The Wright View: JADCO need to come clean
An American writer, Kenneth Graham, once said: "The strongest human instinct is to impart information. The second strongest is to resist it."
I am reminded of that quote as I try to make sense of the news that came out on March 2 this year, when chairman of the disciplinary tribunal of the Jamaican Anti-Doping Commis-sion (JADCO), Kent Pantry, said he had received notification two weeks prior that Jamaica and West Indies T20 cricketer, Andre Russell, had missed three drug tests in 12 months.
Pantry told the media that he had appointed a disciplinary tribunal to hear the case. This has serious repercussions for the athlete, and indeed Jamaica and the West Indies cricket team, now in the Far East preparing for the T20 World Cup.
Since then, I have not heard an 'official word' from JADCO re this very serious case, other than the fact that he has not been suspended, so he is free to continue playing until his case is heard.
When the present chairman of JADCO was appointed (Danny Williams) two years ago, I distinctly remember him stating that transparency would be the order of the day and that a liaison officer would be appointed to keep the media informed regarding the important work of his association.
His remarks were necessary because the previous chairman, Dr Herb Elliott, was criticised by many (including this newspaper) about his penchant for coy and unhelpful statements. I was sure that the 'new' JADCO would be not only new, but different.
Missed tests in sports are considered a serious offence and are usually associated with severe sanctions.
When Olympic champion Christine Ohuruogu missed three drug tests in a 12-month period, her excuse was that she had moved house and "messed up". This excuse was apparently not accepted and she was banned.
The same WADA rule apparently applies to athletes in other countries except Jamaica.
On August 15, 2015, Jamaican cricketer Odean Brown was reported in the press as having missed three tests and was to appear before a disciplinary tribunal headed by Pantry and included Professor Archie McDonald, head of the Department of Surgery, University Hospital of the West Indies, and cricketer Maurice Foster.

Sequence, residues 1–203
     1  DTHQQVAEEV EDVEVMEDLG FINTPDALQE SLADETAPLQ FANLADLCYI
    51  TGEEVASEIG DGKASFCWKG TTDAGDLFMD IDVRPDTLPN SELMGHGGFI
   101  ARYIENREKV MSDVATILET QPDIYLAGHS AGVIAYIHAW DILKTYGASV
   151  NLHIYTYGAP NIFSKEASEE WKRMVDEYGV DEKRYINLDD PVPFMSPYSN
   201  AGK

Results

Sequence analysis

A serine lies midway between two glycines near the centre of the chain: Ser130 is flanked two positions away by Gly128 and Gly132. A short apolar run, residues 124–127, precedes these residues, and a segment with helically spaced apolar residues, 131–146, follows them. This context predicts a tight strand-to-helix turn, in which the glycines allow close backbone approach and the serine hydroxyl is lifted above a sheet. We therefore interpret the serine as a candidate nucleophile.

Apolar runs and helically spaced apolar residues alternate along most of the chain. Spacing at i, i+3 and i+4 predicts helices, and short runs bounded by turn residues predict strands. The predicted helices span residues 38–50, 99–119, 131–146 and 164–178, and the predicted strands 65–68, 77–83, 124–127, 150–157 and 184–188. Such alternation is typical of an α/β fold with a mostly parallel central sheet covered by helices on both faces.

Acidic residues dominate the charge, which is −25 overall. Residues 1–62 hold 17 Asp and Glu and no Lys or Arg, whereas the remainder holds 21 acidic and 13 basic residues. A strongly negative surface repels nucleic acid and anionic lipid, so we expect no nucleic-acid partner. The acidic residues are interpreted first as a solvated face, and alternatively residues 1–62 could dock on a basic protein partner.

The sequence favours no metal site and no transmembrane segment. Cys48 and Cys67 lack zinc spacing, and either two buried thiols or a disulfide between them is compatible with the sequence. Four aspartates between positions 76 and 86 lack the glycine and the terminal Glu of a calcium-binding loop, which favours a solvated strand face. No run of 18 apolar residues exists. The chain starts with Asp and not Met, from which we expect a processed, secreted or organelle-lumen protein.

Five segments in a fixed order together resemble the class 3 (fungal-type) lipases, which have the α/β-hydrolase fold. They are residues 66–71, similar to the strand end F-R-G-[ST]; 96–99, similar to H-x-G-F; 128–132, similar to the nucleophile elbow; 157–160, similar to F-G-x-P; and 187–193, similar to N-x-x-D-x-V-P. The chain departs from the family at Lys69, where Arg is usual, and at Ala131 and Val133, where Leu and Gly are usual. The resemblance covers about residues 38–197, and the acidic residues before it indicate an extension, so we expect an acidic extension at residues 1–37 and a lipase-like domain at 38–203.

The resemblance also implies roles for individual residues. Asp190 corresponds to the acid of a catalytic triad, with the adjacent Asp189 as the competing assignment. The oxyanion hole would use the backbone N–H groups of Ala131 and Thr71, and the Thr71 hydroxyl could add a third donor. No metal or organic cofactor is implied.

The next news via the media was that the case was postponed until September 4 as a result of a request from the lawyers involved.
To date (March 15, 2016) there is absolutely no word as to what the outcome of that hearing is.
What is known, though, is that Brown has not played a first-class cricket match since the March 16, 2015, when he played for Jamaica against the Leeward Islands.
Was Brown suspended from playing cricket, or did he voluntarily give up the sport?
Were other international athletes who missed three drug tests suspended until their case was heard?
The embattled West Indies Cricket Board (WICB) has announced most definitely that Russell WILL play in the T20 World Cup. That seems to be on the basis that JADCO has not set a date for the hearing, and the WICB is certain that a hearing will not be scheduled to coincide with the dates of the tournament.
I find this to be completely unacceptable. The public of Jamaica (and indeed the world) has a right to be given information when ANY of our citizens run afoul of the rules and regulations of sports. There cannot be one rule for Odean Brown and another rule for AndrÈ Russell.
Every West Indian cricket fan, thirsty for the pleasure of watching a strong West Indies team competing in the World Cup, would like to see AndrÈ Russell play.
But the question is: Should his appearance in the competition be in defiance of the WADA code as regards missed tests?
With the present board of JADCO and its executive director refusing to even explain the Whereabouts Rule to the media and the public, speculation as to why an international star and icon would miss three scheduled drug tests in 12 months will continue. This, I do believe, will be to the detriment of the cricketer.
"The strongest human instinct is to impart information. The second strongest is to resist it."